JACKSON HEIGHTS — The number of people taking the subway broke records in September, but riders may have reached their breaking point on overcrowded platforms and trains, especially in Queens, straphangers say.
Stats show 6,106,694 people rode the subways across the five boroughs on Tuesday, Sept. 23 — the highest ridership ever since the MTA began tallying figures in 1985.
It’s one of five record-breaking days in the month, with ridership on Sept. 18, Sept. 19, Sept. 17 and Sept. 10 breaking 6 million riders, according to the MTA.
The crowded stretch of days broke the previous record of 5,987,595 riders, which was set on Oct. 24, 2013.
The platform at the Jackson Heights/Roosevelt Avenue station — the second busiest in Queens with nearly 51,000 riders every day — is routinely packed during the early-morning rush as straphangers wait for the E, F, M and R trains.
Jason Chin-Fatt, a field organizer with the Straphangers Campaign, rides the F train from the station every morning and said the platforms are “excessively crowded,” especially if the 7 train, which is connected to the station along with several bus routes, isn’t working properly.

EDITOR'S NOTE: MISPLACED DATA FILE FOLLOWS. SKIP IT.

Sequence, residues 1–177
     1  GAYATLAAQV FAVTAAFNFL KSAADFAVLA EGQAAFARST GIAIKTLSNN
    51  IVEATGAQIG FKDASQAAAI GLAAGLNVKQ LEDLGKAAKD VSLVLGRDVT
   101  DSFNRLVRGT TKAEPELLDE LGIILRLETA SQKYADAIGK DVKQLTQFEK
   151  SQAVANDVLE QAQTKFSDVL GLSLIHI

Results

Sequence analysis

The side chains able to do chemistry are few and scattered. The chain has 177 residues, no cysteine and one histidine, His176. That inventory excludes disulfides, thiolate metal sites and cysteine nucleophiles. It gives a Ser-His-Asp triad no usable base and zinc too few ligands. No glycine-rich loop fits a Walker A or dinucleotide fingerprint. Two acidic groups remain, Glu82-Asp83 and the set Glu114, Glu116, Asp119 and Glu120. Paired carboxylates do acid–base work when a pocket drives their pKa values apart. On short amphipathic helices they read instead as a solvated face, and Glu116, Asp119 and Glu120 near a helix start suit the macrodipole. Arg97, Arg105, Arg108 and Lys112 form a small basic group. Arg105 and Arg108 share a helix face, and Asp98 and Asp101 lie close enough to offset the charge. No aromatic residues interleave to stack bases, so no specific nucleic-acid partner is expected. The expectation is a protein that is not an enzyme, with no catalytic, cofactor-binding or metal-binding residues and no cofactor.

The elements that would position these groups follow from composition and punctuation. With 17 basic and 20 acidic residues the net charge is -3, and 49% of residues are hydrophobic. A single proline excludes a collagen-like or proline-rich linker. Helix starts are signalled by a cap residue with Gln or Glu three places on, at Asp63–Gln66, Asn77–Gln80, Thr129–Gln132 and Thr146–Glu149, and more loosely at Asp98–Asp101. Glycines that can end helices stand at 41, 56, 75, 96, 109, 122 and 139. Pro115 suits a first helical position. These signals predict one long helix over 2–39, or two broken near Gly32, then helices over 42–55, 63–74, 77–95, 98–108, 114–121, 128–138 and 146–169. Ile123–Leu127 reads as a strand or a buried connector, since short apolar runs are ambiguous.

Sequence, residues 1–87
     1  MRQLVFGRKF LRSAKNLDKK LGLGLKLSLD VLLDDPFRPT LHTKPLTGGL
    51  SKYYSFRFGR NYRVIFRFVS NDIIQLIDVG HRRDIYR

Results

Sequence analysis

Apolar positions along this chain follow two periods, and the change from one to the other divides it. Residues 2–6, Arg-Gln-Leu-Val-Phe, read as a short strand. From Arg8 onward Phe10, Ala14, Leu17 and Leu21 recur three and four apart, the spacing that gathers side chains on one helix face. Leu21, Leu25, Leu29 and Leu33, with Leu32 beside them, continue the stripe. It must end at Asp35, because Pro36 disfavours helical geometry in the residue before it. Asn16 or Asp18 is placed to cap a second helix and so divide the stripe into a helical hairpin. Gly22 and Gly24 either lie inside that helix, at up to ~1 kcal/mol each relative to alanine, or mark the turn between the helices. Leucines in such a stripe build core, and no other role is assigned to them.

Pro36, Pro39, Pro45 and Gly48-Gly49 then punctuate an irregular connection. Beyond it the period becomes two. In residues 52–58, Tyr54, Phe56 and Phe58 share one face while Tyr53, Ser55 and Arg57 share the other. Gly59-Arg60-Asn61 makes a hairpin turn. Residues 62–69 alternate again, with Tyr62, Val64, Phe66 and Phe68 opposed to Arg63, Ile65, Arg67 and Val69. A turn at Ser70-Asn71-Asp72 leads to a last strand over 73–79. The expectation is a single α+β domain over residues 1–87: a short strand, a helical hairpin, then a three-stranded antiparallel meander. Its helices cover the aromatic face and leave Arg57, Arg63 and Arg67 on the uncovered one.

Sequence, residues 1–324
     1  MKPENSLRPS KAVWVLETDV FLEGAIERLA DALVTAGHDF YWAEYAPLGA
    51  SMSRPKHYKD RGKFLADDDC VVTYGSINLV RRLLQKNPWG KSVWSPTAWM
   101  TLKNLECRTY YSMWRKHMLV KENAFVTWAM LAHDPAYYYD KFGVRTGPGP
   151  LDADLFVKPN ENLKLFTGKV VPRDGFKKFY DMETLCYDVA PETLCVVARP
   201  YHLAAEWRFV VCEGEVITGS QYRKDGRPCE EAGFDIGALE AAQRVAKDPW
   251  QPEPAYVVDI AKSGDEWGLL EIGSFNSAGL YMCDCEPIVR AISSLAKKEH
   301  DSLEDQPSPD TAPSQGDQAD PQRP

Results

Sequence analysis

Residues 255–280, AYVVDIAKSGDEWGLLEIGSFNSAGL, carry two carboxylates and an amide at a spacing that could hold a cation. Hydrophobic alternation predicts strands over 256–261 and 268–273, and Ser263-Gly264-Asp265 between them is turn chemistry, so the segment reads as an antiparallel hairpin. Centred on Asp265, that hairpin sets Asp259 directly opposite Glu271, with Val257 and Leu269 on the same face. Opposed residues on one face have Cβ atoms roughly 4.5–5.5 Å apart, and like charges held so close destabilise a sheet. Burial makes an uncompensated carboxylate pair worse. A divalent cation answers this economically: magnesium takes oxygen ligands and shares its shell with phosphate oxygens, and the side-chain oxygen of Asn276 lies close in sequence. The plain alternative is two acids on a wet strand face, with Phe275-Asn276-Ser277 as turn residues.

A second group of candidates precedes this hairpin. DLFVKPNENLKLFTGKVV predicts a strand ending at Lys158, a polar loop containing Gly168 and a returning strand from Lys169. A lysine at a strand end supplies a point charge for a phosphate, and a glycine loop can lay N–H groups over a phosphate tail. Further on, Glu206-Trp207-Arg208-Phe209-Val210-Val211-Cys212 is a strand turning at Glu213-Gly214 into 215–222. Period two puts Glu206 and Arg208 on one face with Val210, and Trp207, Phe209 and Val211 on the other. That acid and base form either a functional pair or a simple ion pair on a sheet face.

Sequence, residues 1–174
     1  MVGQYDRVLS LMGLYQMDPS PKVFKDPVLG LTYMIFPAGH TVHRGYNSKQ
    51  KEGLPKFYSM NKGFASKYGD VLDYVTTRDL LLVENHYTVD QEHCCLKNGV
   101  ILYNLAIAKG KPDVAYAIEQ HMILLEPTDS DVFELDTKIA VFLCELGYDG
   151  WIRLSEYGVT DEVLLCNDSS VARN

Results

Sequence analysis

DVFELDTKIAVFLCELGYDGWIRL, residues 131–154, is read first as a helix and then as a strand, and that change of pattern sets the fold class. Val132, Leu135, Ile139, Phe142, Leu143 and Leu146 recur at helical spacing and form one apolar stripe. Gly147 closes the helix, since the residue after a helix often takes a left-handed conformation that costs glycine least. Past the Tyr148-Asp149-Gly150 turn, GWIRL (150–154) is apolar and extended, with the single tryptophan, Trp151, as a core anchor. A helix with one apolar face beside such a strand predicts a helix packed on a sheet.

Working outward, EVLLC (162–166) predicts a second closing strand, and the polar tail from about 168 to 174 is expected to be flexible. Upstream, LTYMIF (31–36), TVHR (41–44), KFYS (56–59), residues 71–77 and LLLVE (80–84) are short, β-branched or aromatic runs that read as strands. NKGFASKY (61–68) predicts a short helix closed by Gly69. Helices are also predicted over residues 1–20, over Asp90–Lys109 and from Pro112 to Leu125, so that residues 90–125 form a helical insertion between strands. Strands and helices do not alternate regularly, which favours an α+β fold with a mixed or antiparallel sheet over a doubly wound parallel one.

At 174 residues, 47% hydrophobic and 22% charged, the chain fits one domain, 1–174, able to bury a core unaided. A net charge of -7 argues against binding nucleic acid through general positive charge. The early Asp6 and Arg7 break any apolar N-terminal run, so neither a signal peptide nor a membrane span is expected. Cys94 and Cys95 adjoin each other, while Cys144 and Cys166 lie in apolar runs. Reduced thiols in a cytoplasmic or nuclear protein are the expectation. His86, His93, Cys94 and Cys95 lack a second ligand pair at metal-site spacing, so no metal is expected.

“It’s to the point that people are almost spilling over on to the tracks,” he said.
On Wednesday morning, subway riders were photographed standing just inches from the edge of the platform. They sometimes have nowhere to go after trying to cram into crowded trains.
Subway riders also routinely clog the stairs trying to get to the jammed platform below.
The fact that so many trains are accessed from the one platform also contributes to the congestion, he said, especially when people rush to transfer to a local from an express, and vice versa.
"When train doors close because trains aren't waiting for other riders — that’s when people are waiting on the platform, which increases the crowding," Chin-Fatt said.
The station is the 16th busiest in the city, according to 2013 ridership numbers. The busiest station in Queens is the Flushing-Main Street station, but only the 7 train is accessed there.
A spokesman for the MTA, when sent a photo of overcrowding on Oct. 22, said it was due to signal problems.
"What I see in the photo is not typical of a normal morning at Roosevelt Avenue," he said.
But over the past several months, DNAinfo photographed jammed subway platforms with subway riders standing very close to the edge.
The MTA spokesman said the Queens Boulevard line is scheduled to get CBTC, or Communications-Based Train Control, which will allow more trains to run, and reduce platform overcrowding. The timeline for the project was not immediately clear.
Ashish Patel, 20, who works in a candy shop in the station said "there's too many people on the platform."
"There's too many people running here," he said, referring to the passageway to the below-ground stations.
Patel — who walks to work from his home nearby in Jackson Heights — said the platform is a “little dangerous” as riders push to get on trains.
How crowded is your subway platform? Let us know in the comments.